09:28 GMT25 October 2020
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    UK Prime Minister David Cameron stated that Britain would not stay in the European Union "come what may", specifying that the immigrations issues of the country should be considered to keep it in the bloc.

    MOSCOW, November 10 (Sputnik) — UK Prime Minister David Cameron vowed on Monday that Britain would not stay in the European Union "come what may", saying Brussels needed to address immigration concerns of the British public if it wanted to keep London in the bloc.

    Speaking at a meeting of the Confederation of British Industry, a UK economic pressure group, Cameron said that, "Britain's future in Europe matters to our country." He added, however, that it was not working properly for Britain at the moment, "and that is why we need to make changes".

    He said further that, simply saying, Britain would stay in the European Union and stick with Europe "come what may" "is not a plan and that won't work".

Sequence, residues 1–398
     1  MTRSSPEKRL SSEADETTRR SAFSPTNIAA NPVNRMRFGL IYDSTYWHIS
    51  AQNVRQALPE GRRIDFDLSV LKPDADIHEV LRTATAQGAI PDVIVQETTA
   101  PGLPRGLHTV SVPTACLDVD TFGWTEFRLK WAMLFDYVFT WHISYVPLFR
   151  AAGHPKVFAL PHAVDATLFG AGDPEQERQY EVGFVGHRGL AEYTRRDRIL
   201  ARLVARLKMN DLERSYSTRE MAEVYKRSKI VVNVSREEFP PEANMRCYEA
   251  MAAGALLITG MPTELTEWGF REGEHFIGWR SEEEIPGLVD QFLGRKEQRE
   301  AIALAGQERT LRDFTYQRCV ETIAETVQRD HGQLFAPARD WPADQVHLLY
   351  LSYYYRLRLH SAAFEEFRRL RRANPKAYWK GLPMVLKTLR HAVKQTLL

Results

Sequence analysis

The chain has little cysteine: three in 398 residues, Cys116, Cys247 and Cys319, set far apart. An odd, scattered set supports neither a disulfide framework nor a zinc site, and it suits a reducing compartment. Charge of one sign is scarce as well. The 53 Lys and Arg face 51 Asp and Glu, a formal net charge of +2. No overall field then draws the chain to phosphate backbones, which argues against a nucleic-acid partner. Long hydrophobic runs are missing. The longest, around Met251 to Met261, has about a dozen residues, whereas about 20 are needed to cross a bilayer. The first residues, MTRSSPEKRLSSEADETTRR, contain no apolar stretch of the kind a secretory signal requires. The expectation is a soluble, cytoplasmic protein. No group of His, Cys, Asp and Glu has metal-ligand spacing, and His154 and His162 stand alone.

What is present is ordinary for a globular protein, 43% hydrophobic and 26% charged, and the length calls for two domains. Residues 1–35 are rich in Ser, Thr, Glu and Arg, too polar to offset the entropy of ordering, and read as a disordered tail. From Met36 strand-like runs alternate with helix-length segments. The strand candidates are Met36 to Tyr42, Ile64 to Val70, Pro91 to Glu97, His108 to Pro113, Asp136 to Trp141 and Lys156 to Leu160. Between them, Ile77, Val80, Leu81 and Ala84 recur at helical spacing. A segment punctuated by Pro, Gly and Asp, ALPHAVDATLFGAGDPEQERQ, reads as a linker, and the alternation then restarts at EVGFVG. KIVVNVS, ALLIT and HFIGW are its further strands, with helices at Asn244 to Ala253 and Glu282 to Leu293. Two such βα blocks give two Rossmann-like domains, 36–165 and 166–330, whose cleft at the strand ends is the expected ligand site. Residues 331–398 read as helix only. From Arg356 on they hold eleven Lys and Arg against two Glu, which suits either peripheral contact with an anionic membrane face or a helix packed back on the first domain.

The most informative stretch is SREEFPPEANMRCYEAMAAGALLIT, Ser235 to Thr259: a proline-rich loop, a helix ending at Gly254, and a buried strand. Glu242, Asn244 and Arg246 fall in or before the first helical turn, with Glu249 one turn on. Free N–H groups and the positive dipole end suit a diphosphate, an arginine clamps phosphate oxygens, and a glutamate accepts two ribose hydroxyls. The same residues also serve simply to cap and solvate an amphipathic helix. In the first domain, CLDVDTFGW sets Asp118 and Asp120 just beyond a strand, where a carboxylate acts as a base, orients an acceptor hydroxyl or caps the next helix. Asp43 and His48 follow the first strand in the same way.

The European Union must put additional controls on migration, Cameron said. He called for reforms in the welfare system, which has been in the spotlight in the United Kingdom due to the abuse of welfare benefits by the increasing flow of migrants.

    The speech was aimed at allaying the concerns of British business, which fears to lose a free market estimated at 500 million people in the event of an in-out vote on the EU membership.

    Cameron's Conservative party has adopted a firmer stance on migration ahead of the May 2015 general election. The ruling party is currently losing to the most eurosceptic party in Britain — UK Independence Party (UKIP) — that has been gaining ground both domestically and in the European Parliament recently.

    Cameron has claimed he would hold a referendum on the British membership in the European Union in 2017 if he wins the May national election.

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